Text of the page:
...But the other thing the film does is use its fictive Aboriginal mythos in the service of the story of saving a white main character, the aforesaid Bruce Spence, who is by no means a white saviour, but is very much the hero and moral centre, our representative and identification point. The plot may revolve around a land claims case, but it's his character arc - what happens to the white person - that is at the heart of the story; the Aborigines, however vividly drawn they may be, are still figures in his redemption, not their own, and remain a mysterious outside force in the film, an alternative to western culture, but not one we really can grasp (especially with Herzog lying freely about their beliefs). 

This resonates against my recent experiences with Dune, actually - a film which I have already mostly forgotten, but see my cranky review here, if you want. While some "white saviour" films - and especially ones set in fantastic/ otherworldly environments, like Dune and Avatar - end with the white person "saving" the aboriginal people, just as often - especially in more reality-based narratives - it's the aboriginal people who save the white people, in films that are still pegged as white saviour movies. I was actually struck by that in regard to Dances With Wolves, when Erika and I sat down to it a few months ago. I enjoyed it more than I expected, but - even though I poked at it a bit by calling my Dune review "Dances with Sandworms" - the thing that surprised me in watching it was that in fact, the white saviour, Kevin Costner, doesn't save the Lakota at all. He can't, and no film that even approaches the reality of settler/ Indigenous relations can, because SALVATION WAS NOT WHAT WE BROUGHT; any salvation offered in all but the most ahistorical film has to be temporary and tentative, because in the long run, we all know it didn't work out that way. You just can't credibly "save" a people, onscreen, whose culture and traditions were ultimately ransacked, subdued, or driven to total extinction by your people's encroachment, unless you detach from reality completely (Last of the Dogmen, anyone? Now there's a white fantasy for you). But Dances With Wolves doesn't, in fact, have Costner saving his new red friends; the film - the cut I saw, anyhow - ends with the Lakota fleeing soldiers, and taking the poor white guy with them. 

Costner is not a white saviour; he is the white saved.

And that got me thinking about my favourite Indigenous-themed film, Clearcut - which is, like Where the Green Ants Dream, remarkably potent at times, and maybe even a stronger attempt on the part of white authors to make a gesture in solidarity with Indigenous culture, and to show the failings of the legal system and of white liberals and maybe western civilization as a whole. Both films, while allowing some potent speechifying and powerful (and at times very darkly funny) commentary by their Indigenous actors, are really stories of a white liberal - Ron Lea in Clearcut, Bruce Spence in Where the Green Ants Dream - being saved (in kinda different ways, mind you) by the intercession of Indigenous people. Ron is saved from his hypocrisy and ineffectuality, Bruce is - it's implied, anyhow - saved from white civilization as a whole. Given that their mood - especially Clearcut's - is extremely different, with Clearcut being much angrier, much uglier, much harder on its protagonist than the Herzog film - it's interesting to note that they do have something in common, under the surface...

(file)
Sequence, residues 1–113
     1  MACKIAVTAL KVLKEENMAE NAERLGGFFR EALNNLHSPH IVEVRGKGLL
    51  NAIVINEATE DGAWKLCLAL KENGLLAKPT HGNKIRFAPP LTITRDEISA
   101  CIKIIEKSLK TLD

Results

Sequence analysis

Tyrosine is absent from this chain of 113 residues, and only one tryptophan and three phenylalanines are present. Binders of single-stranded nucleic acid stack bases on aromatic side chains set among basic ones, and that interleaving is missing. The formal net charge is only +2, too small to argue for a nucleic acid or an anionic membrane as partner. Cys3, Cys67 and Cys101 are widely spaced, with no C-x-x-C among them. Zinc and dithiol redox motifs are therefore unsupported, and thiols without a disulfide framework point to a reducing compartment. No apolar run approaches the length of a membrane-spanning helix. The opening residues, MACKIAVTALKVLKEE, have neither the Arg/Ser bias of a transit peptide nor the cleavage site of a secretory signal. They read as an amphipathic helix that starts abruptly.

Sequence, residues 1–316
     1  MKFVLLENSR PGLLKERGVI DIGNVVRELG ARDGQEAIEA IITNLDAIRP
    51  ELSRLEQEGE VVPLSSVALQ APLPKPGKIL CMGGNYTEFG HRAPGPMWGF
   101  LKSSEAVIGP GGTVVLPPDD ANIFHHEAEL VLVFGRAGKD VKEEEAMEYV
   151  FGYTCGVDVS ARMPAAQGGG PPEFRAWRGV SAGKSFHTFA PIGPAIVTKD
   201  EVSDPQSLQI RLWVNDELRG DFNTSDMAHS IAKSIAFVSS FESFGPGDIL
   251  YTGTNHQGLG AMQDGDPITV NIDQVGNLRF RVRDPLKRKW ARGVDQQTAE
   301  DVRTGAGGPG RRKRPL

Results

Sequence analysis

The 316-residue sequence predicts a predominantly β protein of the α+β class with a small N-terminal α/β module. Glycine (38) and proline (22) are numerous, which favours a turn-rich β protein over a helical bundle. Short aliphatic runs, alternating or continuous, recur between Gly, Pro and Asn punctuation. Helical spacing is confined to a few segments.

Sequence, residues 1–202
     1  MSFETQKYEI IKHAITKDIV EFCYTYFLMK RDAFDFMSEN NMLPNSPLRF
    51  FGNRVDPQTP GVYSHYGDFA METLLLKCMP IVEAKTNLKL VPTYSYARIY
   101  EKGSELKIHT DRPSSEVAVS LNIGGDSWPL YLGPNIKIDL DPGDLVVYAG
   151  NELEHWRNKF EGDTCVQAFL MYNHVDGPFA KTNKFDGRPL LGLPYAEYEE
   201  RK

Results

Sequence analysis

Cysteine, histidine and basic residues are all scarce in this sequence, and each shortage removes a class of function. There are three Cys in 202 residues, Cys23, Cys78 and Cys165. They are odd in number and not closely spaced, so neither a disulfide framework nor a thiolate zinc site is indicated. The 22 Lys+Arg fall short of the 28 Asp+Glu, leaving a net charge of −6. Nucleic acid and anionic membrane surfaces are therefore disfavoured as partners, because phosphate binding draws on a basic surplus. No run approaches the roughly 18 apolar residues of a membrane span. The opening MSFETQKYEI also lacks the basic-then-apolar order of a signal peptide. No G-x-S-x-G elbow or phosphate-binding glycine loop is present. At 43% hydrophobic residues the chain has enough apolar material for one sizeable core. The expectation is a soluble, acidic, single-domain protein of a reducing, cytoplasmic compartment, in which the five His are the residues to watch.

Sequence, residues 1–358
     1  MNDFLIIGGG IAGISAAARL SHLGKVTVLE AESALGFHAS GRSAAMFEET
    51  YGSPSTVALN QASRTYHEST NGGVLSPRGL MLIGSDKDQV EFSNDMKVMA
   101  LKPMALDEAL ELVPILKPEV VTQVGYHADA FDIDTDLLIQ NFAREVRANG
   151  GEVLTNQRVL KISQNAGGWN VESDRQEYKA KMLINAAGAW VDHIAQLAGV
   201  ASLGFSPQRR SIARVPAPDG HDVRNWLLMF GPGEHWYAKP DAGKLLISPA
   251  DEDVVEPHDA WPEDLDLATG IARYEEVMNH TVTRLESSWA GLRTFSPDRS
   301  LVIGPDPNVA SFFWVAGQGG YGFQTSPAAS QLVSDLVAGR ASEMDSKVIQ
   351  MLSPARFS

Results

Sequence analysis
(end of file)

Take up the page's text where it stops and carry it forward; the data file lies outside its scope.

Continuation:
And I mean, how better for a white liberal, really, to prove that you are ultimately the Right Kind of White Liberal, than to be deemed worthy of salvation and respect by Indigenous people, even given what your people have done to them...? Just ask Justin Trudeau: it's a badge of status, not totally unrelated to the gesture of respect afforded Jeremiah Johnson or the drummed "salute" to the Brits at the end of Zulu. The approval of a romanticized, heroized Other feels good, even if maybe we're moving towards a world where it cannot but be politically problematic, especially depending on who that Other is, and what we've done to them in the past...

I actually think Clearcut - which is coming out soon on blu-ray for the first time as part of the Severin Folk Horror box set, All the Haunts Be Ours, and which WILL have my interview with director Ryszard Bugajski as a commentary track - is the better film, compared to Where the Green Ants Dream, and certainly the less presumptuous, but just like you have to accord Kevin Costner a little respect for the amount of care and good faith he put into the portrayal of the Lakota in Dances With Wolves - a film that is spoken of mostly in fond terms in Reel Injun, even though it is acknowledged that it's still a movie about a white guy - you also do have to give Werner Herzog credit here. And even if the motive force of the film is the salvation of a wrong-thinking white liberal from the deathwish of his civilization - there are some suckerpunch moments in the film that you will remember for as long as you live, and which spill out well beyond the confines of the plot and its functions. The most striking of these - distinctly Herzogian, and like nothing else you will see in cinema - is where a lone Aborigine, in court for a land claims trial, stands up and gives a passionate speech in his mother tongue. The judge asks the other Aborigines to explain what the man is saying, and is told that the man speaking is the last member of his tribe and the last one to speak their language, so no one actually understands him. He's classified as mute in the court records, because there is no one he can talk to. However much this is still a white man's movie - and however much a scene like that might be Herzog's own fictitious invention - it's still a helluva moment. 

There are several of them in the film, in fact, also including a great telling of a dream that has deep resonance for the Spence character ("Where's your lunchbox?" - it would make a helluva ringtone, actually, repeated over and over; it even feels like a dream I might have had). And there are some really resonant images - like the old woman camped at the mouth of a mine where her dog is lost, or many shots of the Australian landscape (Villeneuve, actually, probably inherited some of his love of landscape shots from Herzog, though Herzog had less technology to work with, which somehow makes his landscapes more impressive, to me, even though Villeneuve's are vastly more spectacular).  It's probably my second favourite Herzog fictional feature after Stroszek, actually. It may not be as authentic to the lives of its characters as a movie like Ten Canoes, say, but for a movie made by a German outsider to Australia, way back in 1984, it's pretty amazing. And like I say, to the extent that there are problems with what it does - they can lend to very fruitful discussion afterwards. Check it out...!